Investors don't have to stick with consumer goods businesses like Coca-Cola or McDonald's to earn big dividends. Established leaders in the technology industry can also create tons of cash through their businesses, lining shareholders' pockets. Here are three top dogs of the tech world that pay high-yielding dividends to investors.

1. A technology conglomerate

International Business Machines (NYSE:IBM) is a technology conglomerate that sells computer hardware, software, and services to big corporations. Despite being a technology business, its history goes back to the early 1900s, and IBM has been a huge player in supplying enterprises with hardware solutions throughout the decades. The business continues to evolve today, and is pivoting into a software-oriented company specializing in cloud computing, artificial intelligence, and machine learning.

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IBM is a very profitable business that generated more than $73 billion in revenue in 2020, coming away with $10.8 billion in free cash flow. Generating such large cash flows enables the business to pass that cash along to shareholders through dividends. The company's dividend has been increased over the past 26 years, and since IBM's payout ratio is only 54% of its free cash flow, there is plenty of room for IBM to continue rewarding its shareholders with a 4.5% yield moving forward.

2. Connecting the world through semiconductors

Broadcom Limited (NASDAQ:AVGO) manufactures semiconductors and provides software for large corporations. Its semiconductor business focuses on connective uses such as networking, broadband, and wireless technology, and represents more than 70% of Broadcom's $23 billion in 2020 revenue. Broadcom's products are used heavily in the smartphone market; Apple is the company's largest customer.

Many companies that pay large dividend yields often have slow growth rates, but that isn't the case with Broadcom, whose dividend has grown at an average rate of 50% per year over the past five years. Broadcom converted $11.6 billion of its revenue into free cash flow in 2020 and spent $5.2 billion on dividends, for a dividend payout ratio of 45%. Its yield currently sits around 3%. Broadcom's products should remain in demand with rising semiconductor needs in automotive, 5G, and industrial markets, so investors can expect the dividends to keep coming in the years ahead.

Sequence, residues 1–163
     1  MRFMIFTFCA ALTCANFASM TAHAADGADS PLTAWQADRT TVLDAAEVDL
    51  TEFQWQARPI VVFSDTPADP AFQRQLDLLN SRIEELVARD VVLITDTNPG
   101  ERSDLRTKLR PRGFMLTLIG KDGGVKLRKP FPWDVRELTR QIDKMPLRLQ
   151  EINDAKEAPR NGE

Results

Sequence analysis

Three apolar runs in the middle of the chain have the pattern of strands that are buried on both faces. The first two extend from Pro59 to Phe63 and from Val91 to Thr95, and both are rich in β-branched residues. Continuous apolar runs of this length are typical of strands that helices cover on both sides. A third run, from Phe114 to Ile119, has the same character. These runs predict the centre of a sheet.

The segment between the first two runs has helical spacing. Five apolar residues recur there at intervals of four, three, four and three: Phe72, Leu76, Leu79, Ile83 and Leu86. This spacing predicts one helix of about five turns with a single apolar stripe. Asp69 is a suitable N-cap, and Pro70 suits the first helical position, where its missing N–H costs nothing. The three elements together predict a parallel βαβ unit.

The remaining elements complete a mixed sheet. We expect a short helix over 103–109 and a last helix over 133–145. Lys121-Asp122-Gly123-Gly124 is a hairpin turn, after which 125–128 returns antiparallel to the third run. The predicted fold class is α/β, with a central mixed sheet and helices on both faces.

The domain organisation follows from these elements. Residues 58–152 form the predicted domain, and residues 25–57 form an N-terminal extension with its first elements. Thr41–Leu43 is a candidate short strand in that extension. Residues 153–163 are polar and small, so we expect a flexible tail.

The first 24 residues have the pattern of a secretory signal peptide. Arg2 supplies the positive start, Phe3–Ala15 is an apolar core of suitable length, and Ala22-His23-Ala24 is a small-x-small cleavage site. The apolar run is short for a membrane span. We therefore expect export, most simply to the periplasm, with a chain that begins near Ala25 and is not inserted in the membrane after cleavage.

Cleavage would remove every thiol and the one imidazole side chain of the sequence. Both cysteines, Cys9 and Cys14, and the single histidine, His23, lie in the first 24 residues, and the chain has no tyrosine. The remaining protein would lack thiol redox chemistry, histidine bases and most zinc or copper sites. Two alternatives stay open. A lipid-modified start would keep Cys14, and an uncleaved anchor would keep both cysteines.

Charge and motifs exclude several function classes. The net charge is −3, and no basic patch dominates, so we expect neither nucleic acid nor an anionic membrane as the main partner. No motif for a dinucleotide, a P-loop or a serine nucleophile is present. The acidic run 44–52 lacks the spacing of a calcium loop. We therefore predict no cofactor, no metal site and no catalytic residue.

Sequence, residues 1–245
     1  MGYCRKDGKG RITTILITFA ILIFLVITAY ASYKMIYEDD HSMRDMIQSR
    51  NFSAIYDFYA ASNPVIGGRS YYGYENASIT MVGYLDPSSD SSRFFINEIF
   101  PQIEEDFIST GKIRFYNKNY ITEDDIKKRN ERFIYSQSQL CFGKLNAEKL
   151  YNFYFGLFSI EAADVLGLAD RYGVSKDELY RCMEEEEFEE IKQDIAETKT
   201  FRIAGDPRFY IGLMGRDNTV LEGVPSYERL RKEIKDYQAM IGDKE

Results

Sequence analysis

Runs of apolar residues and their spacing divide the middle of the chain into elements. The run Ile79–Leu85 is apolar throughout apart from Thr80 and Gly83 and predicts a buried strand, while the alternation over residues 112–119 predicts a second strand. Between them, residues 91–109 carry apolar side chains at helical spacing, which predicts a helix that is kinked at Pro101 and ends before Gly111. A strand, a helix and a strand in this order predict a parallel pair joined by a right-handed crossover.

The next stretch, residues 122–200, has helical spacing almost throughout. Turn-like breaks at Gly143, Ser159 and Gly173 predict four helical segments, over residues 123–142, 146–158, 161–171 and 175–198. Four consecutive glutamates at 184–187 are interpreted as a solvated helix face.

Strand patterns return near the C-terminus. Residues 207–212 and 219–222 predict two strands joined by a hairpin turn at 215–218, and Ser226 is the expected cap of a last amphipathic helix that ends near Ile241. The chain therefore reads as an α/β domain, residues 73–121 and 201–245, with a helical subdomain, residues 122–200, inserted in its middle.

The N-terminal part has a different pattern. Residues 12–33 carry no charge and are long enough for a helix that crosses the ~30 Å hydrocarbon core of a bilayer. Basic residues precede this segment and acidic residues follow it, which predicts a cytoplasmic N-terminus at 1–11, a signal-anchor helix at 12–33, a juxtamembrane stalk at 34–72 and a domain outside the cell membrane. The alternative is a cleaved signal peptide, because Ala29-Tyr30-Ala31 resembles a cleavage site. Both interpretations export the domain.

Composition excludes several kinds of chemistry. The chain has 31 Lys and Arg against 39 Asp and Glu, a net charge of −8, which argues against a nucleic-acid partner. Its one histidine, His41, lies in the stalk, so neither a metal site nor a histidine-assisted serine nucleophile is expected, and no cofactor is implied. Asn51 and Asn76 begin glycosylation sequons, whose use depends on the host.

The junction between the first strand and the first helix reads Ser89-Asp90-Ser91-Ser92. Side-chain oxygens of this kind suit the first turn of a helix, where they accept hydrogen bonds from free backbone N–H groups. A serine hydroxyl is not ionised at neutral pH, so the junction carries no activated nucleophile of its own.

3. The "pipes" of the wireless world

Verizon Communications (NYSE:VZ) is a telecommunications company that operates the most widely used wireless network in the U.S. Wireless carriers are almost like utility companies -- the business model is very resilient. In today's day and age, a consumer's phone bill is right at the top of a household budget with the electricity bill and mortgage payment. Verizon is among a small group along with AT&T and T-Mobile that controls the U.S. wireless market. A wireless network connects smartphones, our internet, and the internet of things (IoT), so networks are the digital pipeline of the modern world.

Verizon's business generated $128 billion in revenue in 2020, and like the other companies on this list, it produces a lot of free cash flow -- $23.5 billion last year. Management spent $10.2 billion on dividend payments in 2020, resulting in a payout ratio of 43%, a very affordable expense ratio. Investors won't see extreme growth, because the company invests a lot of money into expanding and maintaining its wireless network. The dividend has grown at an average rate of 2.5% over the past decade and currently yields about 4.5%, but investors can count on Verizon's dividend as a safe and steady grower over the years to come.

Here's the bottom line

High-quality dividend-paying stocks can be a great tool for investors in today's market, where 10-year U.S. bonds are paying just 1.3% interest. These three technology companies are leaders in their industries and have large and profitable business models that produce a lot of free cash flow to pay investors dividends. If you are looking for some investment income, this is a great place to start your search.

This article represents the opinion of the writer, who may disagree with the “official” recommendation position of a Motley Fool premium advisory service. We’re motley! Questioning an investing thesis -- even one of our own -- helps us all think critically about investing and make decisions that help us become smarter, happier, and richer.